Tellermine 35

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A pre-war Tellermine 35 in a carry case at the Imperial War Museum in London. The fuze is visible in the centre of the mine

The Tellermine 35 (T.Mi.35) was a German metal-cased anti-tank mine used extensively during the Second World War. The mine's case is made of sheet steel, and has a slightly convex pressure plate on the top surface with a central fuze well. Two secondary fuze wells are located on the side and bottom of the mine for anti-handling devices.

For use on beaches and underwater the mine could be deployed inside a specially designed earthenware or concrete pot, which acted as a waterproof jacket for the mine.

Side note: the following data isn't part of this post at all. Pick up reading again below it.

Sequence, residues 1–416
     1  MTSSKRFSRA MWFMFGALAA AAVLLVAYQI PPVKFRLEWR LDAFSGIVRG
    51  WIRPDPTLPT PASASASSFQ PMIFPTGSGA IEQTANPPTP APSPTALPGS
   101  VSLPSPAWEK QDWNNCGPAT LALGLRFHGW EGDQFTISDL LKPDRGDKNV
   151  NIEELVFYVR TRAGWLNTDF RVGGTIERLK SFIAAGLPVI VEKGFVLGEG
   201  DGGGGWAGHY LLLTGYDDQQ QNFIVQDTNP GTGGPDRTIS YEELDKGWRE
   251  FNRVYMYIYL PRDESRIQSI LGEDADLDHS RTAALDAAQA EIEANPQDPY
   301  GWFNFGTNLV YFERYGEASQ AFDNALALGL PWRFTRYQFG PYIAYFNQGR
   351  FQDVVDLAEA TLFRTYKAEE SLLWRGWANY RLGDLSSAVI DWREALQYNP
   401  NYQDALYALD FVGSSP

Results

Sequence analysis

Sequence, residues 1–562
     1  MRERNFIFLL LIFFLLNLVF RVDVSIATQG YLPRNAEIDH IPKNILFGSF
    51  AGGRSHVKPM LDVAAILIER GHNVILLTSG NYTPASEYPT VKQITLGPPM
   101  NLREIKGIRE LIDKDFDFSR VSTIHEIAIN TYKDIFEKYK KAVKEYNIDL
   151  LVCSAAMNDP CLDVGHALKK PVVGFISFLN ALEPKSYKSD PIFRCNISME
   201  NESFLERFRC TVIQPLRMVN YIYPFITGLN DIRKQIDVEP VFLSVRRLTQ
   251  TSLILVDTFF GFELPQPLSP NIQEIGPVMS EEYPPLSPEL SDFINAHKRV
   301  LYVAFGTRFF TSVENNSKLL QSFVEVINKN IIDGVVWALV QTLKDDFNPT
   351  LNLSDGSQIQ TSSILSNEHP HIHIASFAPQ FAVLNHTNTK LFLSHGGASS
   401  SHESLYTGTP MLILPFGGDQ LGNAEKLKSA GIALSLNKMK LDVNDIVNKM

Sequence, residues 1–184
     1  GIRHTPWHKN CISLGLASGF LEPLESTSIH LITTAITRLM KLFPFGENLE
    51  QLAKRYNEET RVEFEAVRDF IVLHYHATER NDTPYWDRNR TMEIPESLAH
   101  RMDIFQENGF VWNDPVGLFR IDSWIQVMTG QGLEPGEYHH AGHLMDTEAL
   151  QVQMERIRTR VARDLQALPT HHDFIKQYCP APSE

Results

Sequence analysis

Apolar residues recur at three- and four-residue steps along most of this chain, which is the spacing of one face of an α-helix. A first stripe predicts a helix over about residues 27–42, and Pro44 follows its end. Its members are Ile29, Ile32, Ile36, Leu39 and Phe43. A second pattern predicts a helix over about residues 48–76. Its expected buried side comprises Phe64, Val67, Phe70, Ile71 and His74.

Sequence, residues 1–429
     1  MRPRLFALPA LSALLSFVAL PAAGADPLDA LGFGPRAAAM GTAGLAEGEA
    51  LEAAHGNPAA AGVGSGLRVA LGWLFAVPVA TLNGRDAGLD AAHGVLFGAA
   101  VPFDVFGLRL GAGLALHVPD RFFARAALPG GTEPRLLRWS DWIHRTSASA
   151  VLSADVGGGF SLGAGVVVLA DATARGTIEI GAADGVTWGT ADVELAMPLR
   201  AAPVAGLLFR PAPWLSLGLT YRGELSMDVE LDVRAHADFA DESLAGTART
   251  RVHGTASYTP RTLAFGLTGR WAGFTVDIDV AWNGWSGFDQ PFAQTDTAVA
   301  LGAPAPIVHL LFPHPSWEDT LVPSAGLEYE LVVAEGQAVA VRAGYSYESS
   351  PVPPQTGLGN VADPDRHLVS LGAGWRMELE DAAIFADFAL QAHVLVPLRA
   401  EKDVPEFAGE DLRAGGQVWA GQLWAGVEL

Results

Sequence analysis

A later variant of the mine, the T.Mi.35 (S) was produced with a ribbed case and a fuze cover. The ribbed case stopped sand from blowing off the top of the mine when it was used in a desert or sandy environment.

Pressure of 400 pounds (180 kg) on the center of the mine or 200 pounds (90 kg) on its edge deforms the pressure plate compressing a spring, and breaking a shear pin which holds back the spring-loaded striker. Once the striker is released it flips downwards into a percussion cap which fires the adjacent detonator followed by the booster charge and then the main explosive filling of TNT. Most were painted field gray (dark green). From 1943, they were painted dark yellow.


  • Height: 76 mm
  • Diameter: 318 mm
  • Weight: 9.1 kg
  • Explosive content: 5.5 kg of TNT
  • Trigger weight: 90 to 180 kg